Protecting the Law Enforcement Officers Who Protect and Serve

Scartelli Olszewski P.C.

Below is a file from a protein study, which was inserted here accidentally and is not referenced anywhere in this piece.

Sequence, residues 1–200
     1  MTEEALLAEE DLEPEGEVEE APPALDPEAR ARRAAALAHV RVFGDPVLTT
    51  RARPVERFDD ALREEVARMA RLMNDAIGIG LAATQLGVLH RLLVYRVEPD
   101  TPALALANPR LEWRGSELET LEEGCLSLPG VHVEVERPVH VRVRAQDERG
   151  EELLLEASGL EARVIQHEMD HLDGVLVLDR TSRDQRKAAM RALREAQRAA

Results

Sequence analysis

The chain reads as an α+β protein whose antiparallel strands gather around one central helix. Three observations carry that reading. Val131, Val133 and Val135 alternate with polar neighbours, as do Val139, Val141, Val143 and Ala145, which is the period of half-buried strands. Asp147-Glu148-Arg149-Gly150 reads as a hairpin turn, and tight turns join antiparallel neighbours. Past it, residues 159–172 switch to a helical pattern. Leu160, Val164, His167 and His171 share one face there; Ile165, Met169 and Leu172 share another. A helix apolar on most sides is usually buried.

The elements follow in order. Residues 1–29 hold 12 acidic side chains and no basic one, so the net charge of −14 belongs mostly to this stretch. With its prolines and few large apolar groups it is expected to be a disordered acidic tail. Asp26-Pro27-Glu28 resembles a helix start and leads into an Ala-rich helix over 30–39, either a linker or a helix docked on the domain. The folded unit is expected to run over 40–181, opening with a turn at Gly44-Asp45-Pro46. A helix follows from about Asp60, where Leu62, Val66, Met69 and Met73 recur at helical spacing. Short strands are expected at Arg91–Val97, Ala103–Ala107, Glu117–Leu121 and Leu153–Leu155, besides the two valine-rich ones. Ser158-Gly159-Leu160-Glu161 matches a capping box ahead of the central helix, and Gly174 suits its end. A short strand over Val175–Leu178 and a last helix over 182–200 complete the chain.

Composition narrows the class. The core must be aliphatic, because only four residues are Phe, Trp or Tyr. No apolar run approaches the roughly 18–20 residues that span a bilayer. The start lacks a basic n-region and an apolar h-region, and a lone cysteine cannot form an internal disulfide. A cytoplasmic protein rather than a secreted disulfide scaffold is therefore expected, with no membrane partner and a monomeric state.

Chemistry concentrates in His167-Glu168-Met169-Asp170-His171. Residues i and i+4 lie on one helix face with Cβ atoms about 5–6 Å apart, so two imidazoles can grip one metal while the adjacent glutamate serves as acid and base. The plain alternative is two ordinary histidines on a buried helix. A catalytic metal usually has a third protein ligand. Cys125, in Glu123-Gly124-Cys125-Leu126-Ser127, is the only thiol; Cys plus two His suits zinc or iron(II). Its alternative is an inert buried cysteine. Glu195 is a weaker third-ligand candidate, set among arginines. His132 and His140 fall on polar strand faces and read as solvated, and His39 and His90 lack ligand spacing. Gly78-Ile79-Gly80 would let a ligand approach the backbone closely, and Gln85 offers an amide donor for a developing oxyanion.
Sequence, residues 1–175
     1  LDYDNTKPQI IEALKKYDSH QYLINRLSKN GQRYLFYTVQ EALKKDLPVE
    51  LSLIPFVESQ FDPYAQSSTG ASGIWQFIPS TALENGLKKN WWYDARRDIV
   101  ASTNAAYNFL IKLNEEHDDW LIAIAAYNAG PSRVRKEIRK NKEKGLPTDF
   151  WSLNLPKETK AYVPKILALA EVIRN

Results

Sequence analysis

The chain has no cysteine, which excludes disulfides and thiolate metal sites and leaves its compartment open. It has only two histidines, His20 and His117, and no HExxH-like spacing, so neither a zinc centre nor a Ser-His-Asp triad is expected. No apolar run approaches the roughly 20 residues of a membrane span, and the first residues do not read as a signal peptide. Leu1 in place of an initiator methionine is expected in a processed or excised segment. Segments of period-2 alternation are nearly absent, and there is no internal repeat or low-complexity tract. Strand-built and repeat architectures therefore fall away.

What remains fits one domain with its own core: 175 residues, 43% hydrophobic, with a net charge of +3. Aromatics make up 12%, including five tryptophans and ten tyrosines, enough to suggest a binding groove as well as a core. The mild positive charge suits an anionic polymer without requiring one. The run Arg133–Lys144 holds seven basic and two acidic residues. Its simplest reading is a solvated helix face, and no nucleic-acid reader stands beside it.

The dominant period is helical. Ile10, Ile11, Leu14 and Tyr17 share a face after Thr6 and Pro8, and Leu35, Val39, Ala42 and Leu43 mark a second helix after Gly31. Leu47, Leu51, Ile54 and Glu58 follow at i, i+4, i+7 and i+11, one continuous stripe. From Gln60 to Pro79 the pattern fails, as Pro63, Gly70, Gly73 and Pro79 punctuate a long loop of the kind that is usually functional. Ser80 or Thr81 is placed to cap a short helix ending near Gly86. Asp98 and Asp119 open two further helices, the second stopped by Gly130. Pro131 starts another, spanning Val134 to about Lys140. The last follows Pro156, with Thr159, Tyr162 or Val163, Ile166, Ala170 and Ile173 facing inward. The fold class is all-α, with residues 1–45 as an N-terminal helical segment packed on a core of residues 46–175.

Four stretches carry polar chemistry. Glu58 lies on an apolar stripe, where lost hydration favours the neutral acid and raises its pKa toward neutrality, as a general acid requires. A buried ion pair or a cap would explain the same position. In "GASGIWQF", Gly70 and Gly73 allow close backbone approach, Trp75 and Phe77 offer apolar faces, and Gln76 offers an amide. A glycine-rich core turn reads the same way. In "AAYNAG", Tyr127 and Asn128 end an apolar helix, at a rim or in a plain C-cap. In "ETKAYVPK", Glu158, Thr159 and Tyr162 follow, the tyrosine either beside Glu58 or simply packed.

Smile, officer! You’re on camera. As we’ve seen on the news over the past year, this is increasingly the case for police officers as they go about their business of protecting and serving the public. These days, with almost everyone carrying video cameras in their pockets, it can seem as though almost every patrol, arrest, and traffic stop ends up posted to the Internet. Though the questions of where and when citizens have a right to photograph or video record police performing their duties remain open in some jurisdictions, numerous state and local courts have ruled in favor of photographers and videographers. The U.S. Department of Justice in 2013 referred to First Amendment protection of citizens recording police activity in public as “settled law.” Police officers should assume, while on duty in public spaces, that anything they do could potentially be viewed by millions of people. Unfortunately, as we’ve learned, amateur photos and video don’t necessarily tell the public the whole story about police officers’ interactions with the people who depend upon them. That lack of information doesn’t stop public opinion from jumping to unfavorable conclusions about the appropriateness of police decisions, even when those decisions are made rapidly and in accordance with established practices for ensuring the safety of officers and the public. Police officers who find themselves convicted in the court of public opinion on the strength of a few seconds of blurry video footage sometimes feel abandoned by erstwhile allies such as their colleagues, commanding officers, union representatives, or even friends and neighbors. If you are a law enforcement officer who has become wrapped up in a media-fueled photo or video controversy, you need a lawyer like Peter Paul Olszewski, Jr. on your side. Peter Paul Olszewski, Jr. is not merely a defense attorney. He spent years serving the public as district attorney of Luzerne County and then as a judge in the Luzerne County Court of Common Pleas. He has 30 years of litigation experience on both sides of the bench. Peter Paul Olszewski, Jr. has spent his entire career inside the justice system, working with and understanding the challenges faced by law enforcement while expertly handling the pressure and scrutiny that increased media attention brings to high-profile cases. Now in private practice, Peter Paul Olszewski, Jr. is uniquely equipped to defend your career, your reputation, your assets, and your freedom. If a clip on YouTube is telling someone else’s side of the story, call the Scranton and Wilkes-Barre attorneys of Scartelli Olszewski and ask for Peter Paul Olszewski, Jr.